|Biomass Studies: Field Methods for Monitoring Biomass.|
Measurement and documentation are the essence of a growing scientific field and I was hoping this book would guide the large number of lay environmentalists into a new scientific data collection enterprise. Such a mass data collection movement could bring in more scientific temper than the conventional jathas and morchas.
The book may not do this but could be the first small step towards this goal. This book is an outcome of a project for studying environment, that involved college students. The book is well suited to do, but I have my doubts whether it will help NGOs (non-government organizations) or government organizations to undertake such studies. What comes out after going through the book, but is not stated explicitly, is that such a monitoring study is a major expenditure in time and effort and therefore expensive. How can an NGO or a GO justify this? Only understanding the status or creating awareness does not justify the expenditure, if there is no action goal in mind. The book does not attempt to quantify the effort say in man-hours.
The chapter on Applications of Biomass studies should have come first, so that the reader knows how he can use it. More important, this should have applications that help to save or generate wealth, in whatever form. Unfortunately all such possible applications have been put in just 35 words.
Some elaboration of how this kind of study leads to income generation or saving would have been invaluable in promoting the use of this technique by NGOs. Though not suitable for use by most NGOs in its present form, the book is an excellent resource for educational institutions to give small projects for students to do. Over a period considerable data about the neighbourhood can be collected. Also the students will (i) learn about problems and opportunities through interacting with the community, (ii) get familiar with the use and meaning of statistical techniques and (iii) be able to write reports for different target groups.
The authors have very comprehensively dealt with all aspects of monitoring and measuring from technique; applications, recording of data, interpretation and writing reports for scientific documentation, for planners and decision makers, local community leaders- I wish they had also included funding agencies.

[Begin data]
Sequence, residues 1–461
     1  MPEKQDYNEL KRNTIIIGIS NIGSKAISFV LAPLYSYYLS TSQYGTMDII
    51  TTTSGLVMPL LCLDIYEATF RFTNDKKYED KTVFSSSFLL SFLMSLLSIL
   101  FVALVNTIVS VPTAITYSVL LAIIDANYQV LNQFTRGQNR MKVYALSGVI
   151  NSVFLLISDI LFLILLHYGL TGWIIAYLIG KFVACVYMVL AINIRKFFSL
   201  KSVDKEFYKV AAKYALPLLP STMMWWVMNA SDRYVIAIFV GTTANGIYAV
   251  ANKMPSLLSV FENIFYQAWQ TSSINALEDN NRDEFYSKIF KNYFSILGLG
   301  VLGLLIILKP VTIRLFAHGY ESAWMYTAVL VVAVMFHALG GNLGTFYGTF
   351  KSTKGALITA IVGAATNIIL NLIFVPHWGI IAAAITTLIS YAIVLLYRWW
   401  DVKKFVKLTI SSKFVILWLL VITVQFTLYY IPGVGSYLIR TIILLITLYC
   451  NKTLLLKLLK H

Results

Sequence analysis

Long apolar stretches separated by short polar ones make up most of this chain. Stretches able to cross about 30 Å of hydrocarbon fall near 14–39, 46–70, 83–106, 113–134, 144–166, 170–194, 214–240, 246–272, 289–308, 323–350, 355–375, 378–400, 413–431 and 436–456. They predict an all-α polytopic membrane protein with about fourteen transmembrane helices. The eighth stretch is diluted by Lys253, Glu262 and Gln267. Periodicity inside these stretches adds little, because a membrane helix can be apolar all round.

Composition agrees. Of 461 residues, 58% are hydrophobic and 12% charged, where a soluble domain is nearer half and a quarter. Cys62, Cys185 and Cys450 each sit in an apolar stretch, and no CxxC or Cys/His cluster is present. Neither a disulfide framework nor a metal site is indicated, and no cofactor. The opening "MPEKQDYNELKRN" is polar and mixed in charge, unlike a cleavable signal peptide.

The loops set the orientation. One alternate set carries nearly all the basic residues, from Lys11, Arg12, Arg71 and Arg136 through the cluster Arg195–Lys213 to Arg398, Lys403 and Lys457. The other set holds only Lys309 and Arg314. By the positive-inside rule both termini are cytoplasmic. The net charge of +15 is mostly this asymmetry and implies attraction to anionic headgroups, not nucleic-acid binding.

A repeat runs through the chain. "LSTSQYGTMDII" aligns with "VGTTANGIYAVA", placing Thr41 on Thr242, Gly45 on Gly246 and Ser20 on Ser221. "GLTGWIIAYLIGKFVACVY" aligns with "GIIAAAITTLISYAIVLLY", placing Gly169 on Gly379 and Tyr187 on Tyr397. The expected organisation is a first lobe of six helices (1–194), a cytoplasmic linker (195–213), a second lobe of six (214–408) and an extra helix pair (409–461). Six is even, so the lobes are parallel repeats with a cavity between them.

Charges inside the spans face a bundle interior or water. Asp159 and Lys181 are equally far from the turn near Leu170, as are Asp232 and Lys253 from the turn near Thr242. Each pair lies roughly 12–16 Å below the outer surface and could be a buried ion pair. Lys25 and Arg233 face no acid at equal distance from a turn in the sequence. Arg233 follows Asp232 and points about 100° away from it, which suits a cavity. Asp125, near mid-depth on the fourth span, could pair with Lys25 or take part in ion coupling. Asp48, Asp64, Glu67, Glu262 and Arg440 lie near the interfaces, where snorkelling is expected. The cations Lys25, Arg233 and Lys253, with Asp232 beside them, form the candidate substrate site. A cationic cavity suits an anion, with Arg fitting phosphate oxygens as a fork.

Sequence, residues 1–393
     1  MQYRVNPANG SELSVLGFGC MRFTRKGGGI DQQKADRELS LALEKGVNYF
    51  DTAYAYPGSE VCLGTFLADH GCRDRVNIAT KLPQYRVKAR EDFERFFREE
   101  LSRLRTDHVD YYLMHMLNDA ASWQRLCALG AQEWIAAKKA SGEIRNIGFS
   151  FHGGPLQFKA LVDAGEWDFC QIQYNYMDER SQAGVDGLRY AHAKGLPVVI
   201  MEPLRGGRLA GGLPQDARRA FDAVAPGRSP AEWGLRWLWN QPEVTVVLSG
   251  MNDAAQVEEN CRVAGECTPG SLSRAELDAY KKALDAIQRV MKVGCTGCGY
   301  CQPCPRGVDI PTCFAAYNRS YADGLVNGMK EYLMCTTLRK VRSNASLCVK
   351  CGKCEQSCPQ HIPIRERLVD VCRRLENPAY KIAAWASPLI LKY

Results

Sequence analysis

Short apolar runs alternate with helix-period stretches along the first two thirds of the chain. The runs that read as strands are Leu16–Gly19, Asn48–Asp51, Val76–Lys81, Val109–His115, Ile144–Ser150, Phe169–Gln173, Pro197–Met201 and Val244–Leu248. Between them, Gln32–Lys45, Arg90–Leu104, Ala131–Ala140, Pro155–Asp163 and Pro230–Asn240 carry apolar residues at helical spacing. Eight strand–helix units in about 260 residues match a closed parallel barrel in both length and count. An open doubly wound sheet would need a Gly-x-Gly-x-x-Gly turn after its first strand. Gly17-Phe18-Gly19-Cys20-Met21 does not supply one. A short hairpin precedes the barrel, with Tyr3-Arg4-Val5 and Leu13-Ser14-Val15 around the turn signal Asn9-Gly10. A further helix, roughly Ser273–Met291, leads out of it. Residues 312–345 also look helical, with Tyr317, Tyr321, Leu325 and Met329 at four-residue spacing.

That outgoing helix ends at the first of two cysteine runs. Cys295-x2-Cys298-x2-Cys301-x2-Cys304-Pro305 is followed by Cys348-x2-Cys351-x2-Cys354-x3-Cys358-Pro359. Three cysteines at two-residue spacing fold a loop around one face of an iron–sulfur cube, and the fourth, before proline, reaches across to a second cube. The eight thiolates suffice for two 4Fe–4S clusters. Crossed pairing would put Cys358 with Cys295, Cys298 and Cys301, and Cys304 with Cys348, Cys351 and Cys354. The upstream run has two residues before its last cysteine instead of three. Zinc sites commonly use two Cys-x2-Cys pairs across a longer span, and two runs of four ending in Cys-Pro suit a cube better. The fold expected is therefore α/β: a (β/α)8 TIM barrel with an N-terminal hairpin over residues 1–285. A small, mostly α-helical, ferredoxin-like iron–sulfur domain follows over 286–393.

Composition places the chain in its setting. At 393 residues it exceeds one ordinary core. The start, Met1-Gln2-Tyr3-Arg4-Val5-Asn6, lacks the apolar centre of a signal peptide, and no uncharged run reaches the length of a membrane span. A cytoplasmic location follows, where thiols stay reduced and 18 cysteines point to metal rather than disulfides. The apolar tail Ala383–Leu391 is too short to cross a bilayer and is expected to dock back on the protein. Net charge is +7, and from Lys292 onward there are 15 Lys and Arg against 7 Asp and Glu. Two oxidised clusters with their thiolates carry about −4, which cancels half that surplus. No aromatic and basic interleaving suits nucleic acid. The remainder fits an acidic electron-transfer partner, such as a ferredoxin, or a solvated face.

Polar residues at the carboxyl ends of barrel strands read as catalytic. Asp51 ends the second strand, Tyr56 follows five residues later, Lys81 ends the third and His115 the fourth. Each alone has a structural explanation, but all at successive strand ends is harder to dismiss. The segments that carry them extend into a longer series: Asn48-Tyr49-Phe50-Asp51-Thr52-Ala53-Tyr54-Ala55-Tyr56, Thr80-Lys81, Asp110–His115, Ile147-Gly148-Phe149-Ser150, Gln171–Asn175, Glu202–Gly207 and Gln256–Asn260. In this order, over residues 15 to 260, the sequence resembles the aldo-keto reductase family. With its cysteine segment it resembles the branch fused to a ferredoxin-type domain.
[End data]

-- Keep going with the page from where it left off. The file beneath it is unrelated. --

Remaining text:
The value of the book would have been increased considerably, if the authors had included case studies at least one for each chapter from the field studies already conducted. This omission has made the technique look less significant than it actually is. Also, the illustrations do not supplement the text in explaining the methods.
There are also a few errors (`Identifying and using plants for their medicinal value dates back 100,000 years or more'; obviously lack of understanding of the time scale of human development). The belief that medicinal plants, locally used take 80% of the health care is also questionable- certainly not true of western Maharashtra.
The moisture content, even approximation seems to have been ignored in the collection of data, as also some units of measurement used locally. For example, dried fodder is sold in bundles not by weight (also some leafy vegetables). If ignored these can produce variations of 200- 300% in value or quantity.
Some of the compromises suggested by the authors also give the impression that they have stressed more on the academic part at the cost of the implementable needs. For example, making 60 plots of 0.5x0.5 m will not give as good data as compared to one plot of 5x3 m. There is not much attention given to the type of soil, which can vary from plot to plot levelling and gradient, weeds, method of irrigation, etc. These produce variations that can make the monitoring exercises less meaningful.
If the authors had gone through the exercise of doing these tests in the field by themselves and found logical applications, that data would prove helpful to the readers and the country at large.
S. S. KALBAGVigyan Ashram,
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